Six-month ‘pay what you decide’ trial launched at Stockton ARC
Stockton arts venue ARC has launched a scheme where audiences can pay what they think a show is worth after they have seen it.
The Pay What You Decide system is now in effect for all theatre productions at the arts centre for six months, following a trial on a one-man show at the venue.
Too Much, Too Young, starring Jack Bennett in January, took nearly 50% more than the theatre expected, with almost one third of the audience new to theatre performances at the ARC.
Although the theatre would usually charge £10 for a show such as Too Much, Too Young, through various discounts and free ticket offers it would be expected to yield an average £3.50 per ticket. However, the one-man performance took an average £5.25 per ticket.
ARC chief executive Annabel Turpin emphasised that it was too soon to label the Pay What You Decide scheme as success.
“There’s a lack of research around it,” she said. “If it doesn’t work, we’ll come out and say so. We’re big enough and brave enough to admit that we’ve tried something and it hasn’t worked [if it does not work]. I think it will, and I’m really confident that it will.”
Turpin explained that although the scheme would encourage bigger audiences through potentially lower prices, it is more important to remove the gamble involved in seeing new work at the theatre.
She said: “There is a core of people who probably can afford to come, but don’t come because it feels like too big a risk. So as well as removing the financial barrier, we’re also removing the financial risk barrier, and I think that’s much bigger.”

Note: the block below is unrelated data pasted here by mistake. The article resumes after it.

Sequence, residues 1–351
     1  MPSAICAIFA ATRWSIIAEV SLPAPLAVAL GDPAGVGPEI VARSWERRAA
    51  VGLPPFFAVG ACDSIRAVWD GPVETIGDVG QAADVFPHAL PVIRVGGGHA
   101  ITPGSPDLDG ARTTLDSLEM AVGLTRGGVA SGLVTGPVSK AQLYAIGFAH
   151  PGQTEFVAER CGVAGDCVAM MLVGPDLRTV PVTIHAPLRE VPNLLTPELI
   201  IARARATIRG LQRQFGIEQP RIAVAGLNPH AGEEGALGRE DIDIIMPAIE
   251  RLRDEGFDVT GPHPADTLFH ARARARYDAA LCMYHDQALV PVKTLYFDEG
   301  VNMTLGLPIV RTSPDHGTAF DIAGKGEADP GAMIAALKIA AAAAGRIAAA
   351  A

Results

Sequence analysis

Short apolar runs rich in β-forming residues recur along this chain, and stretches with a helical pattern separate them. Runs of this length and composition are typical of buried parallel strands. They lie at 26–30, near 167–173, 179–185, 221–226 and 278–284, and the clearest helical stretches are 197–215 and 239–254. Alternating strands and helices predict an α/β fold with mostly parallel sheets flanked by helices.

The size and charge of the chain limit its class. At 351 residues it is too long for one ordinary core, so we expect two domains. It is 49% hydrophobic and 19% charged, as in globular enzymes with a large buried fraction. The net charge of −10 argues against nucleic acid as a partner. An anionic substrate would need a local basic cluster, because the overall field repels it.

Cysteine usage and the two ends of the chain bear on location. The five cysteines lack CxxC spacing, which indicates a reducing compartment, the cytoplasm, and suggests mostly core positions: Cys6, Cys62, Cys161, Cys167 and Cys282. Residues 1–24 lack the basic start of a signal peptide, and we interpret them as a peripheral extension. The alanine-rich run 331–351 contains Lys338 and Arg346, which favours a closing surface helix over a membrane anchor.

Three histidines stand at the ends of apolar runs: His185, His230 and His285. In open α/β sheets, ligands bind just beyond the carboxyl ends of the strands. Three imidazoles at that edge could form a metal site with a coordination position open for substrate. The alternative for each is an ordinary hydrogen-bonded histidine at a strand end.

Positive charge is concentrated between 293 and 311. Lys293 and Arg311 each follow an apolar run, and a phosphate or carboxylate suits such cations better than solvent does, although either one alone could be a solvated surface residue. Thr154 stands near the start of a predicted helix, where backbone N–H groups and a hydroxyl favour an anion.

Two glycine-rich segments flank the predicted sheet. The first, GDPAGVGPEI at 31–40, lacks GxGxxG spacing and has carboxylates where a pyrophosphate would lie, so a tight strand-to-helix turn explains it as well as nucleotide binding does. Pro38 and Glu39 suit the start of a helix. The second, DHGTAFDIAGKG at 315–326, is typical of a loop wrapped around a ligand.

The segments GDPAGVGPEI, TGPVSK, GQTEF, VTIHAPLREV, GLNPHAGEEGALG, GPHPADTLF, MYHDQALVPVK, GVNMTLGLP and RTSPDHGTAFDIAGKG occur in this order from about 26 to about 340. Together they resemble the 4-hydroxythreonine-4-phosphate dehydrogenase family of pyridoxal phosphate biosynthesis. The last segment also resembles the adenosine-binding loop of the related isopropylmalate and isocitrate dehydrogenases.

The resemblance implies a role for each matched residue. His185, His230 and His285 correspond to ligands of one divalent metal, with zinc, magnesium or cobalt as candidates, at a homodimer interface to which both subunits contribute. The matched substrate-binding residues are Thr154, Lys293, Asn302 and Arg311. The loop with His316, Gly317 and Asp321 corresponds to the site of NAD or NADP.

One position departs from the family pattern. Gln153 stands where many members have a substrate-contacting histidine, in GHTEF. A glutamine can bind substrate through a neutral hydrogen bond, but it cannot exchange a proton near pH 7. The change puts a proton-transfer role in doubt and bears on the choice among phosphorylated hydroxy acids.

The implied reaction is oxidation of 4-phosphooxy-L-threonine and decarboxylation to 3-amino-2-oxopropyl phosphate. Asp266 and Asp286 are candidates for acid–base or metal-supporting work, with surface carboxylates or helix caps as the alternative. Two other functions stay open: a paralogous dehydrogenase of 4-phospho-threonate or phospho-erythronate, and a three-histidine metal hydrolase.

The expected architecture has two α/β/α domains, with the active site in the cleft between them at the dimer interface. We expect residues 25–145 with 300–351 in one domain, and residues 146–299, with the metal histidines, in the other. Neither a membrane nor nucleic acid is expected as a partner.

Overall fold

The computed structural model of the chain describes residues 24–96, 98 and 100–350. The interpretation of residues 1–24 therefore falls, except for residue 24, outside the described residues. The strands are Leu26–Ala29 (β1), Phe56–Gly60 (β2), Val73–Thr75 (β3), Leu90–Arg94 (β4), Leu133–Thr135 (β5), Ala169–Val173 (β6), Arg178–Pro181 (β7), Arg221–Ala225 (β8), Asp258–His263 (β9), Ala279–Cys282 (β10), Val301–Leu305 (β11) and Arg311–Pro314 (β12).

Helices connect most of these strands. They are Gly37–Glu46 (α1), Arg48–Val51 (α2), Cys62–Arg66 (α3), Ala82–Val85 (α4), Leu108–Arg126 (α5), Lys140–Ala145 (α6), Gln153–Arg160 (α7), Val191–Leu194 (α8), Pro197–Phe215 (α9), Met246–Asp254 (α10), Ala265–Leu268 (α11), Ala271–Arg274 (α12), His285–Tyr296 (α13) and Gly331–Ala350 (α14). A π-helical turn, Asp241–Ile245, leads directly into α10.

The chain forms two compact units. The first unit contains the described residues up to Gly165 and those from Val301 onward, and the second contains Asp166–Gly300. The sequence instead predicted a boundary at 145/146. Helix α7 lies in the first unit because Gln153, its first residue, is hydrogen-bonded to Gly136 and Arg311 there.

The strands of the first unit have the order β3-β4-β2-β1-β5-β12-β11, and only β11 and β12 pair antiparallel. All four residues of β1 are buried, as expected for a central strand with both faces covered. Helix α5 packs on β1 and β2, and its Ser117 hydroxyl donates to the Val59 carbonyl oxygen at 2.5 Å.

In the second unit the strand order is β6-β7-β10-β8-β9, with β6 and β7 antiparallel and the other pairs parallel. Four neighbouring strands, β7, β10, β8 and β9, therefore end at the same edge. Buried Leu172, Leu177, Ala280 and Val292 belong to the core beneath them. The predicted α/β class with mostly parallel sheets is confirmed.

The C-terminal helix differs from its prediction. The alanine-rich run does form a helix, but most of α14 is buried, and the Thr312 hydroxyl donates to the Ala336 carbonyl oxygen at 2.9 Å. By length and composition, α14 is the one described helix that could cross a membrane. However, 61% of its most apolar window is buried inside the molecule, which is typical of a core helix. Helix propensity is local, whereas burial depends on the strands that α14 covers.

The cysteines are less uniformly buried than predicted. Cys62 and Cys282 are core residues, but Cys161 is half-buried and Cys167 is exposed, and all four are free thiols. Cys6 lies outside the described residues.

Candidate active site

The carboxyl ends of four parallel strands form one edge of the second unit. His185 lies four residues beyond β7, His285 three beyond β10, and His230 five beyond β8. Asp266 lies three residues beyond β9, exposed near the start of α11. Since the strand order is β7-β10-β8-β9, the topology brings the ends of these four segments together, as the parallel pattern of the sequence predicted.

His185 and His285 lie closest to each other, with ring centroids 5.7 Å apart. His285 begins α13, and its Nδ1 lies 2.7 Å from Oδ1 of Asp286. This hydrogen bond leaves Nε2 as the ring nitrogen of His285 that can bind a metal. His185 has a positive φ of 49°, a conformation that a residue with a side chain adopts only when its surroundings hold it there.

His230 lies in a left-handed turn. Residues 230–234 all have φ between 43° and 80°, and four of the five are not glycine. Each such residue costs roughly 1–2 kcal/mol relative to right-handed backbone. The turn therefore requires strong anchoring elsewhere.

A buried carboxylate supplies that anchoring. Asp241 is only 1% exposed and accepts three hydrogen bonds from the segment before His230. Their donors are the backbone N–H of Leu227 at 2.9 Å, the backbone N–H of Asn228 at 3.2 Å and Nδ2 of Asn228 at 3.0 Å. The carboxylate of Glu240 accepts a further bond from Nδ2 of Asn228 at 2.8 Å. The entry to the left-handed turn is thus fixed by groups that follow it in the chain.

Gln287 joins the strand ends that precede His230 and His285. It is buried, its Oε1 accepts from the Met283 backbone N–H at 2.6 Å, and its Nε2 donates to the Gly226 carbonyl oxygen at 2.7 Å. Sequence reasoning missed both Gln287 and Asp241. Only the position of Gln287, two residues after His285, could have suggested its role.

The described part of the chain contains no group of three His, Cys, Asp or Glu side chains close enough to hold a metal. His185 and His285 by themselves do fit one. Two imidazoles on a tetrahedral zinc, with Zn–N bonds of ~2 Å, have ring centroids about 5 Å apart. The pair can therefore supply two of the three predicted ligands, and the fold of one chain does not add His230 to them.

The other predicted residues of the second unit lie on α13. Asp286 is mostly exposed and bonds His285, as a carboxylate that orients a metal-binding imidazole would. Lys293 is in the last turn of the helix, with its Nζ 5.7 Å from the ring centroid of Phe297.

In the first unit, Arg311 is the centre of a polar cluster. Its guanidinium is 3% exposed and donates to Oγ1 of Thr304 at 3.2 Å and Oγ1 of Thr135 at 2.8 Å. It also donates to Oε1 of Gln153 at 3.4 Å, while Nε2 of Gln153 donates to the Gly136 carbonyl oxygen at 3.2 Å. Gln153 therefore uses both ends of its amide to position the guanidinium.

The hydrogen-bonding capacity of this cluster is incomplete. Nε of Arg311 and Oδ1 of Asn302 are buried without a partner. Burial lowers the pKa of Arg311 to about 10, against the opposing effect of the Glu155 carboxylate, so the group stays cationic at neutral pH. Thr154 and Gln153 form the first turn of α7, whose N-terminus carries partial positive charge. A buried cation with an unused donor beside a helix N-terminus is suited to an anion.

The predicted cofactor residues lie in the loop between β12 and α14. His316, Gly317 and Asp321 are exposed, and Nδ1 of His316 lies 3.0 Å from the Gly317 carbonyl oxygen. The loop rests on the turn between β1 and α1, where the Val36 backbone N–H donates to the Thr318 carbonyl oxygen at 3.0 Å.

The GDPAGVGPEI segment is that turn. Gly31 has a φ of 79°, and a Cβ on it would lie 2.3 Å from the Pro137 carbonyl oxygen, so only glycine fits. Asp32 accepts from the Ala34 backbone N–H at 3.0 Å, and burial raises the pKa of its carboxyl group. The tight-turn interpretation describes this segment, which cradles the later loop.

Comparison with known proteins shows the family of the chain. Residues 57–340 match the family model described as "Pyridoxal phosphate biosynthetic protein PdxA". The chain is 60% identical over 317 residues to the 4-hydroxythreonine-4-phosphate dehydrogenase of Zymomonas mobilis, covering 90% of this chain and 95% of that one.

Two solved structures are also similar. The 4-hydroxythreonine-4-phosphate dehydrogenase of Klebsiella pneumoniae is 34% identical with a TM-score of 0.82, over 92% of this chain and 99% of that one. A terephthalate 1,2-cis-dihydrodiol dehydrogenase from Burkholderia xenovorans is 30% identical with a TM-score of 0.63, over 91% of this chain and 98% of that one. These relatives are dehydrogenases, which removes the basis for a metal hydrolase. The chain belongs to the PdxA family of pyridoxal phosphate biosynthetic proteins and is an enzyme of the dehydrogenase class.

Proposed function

A similar scheme is in operation for performances at Slung Low’s Hub venue in Leeds, although the venue does not guarantee performers a fee.
For productions at ARC where artists work on a box-office split and not a guaranteed fee, the theatre will estimate the amount performers would have earned at the box office and guarantee them a payment of at least that amount.
If the six-month test is successful, it is hoped the scheme will become the permanent pricing policy for the ARC’s theatre shows.
We need your help…
When you subscribe to The Stage, you’re investing in our journalism. And our journalism is invested in supporting theatre and the performing arts.
The Stage is a family business, operated by the same family since we were founded in 1880. We do not receive government funding. We are not owned by a large corporation. Our editorial is not dictated by ticket sales.
We are fully independent, but this means we rely on revenue from readers to survive.
Help us continue to report on great work across the UK, champion new talent and keep up our investigative journalism that holds the powerful to account. Your subscription helps ensure our journalism can continue.